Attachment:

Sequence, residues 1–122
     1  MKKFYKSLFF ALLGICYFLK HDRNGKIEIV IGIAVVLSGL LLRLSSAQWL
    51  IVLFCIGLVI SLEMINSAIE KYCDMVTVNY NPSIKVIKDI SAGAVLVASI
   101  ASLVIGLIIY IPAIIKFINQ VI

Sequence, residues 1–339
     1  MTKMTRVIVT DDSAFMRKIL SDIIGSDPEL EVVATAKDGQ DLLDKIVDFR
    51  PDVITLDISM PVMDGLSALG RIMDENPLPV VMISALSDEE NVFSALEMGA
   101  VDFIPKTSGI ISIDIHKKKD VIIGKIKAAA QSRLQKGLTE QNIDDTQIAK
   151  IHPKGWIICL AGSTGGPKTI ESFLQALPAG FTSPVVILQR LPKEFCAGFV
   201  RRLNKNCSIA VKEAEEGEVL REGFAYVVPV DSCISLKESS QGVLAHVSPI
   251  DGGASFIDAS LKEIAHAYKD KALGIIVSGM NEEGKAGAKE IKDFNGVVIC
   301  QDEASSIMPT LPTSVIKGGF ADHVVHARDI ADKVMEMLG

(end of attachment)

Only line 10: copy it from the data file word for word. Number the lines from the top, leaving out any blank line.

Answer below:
   201  RRLNKNCSIA VKEAEEGEVL REGFAYVVPV DSCISLKESS QGVLAHVSPI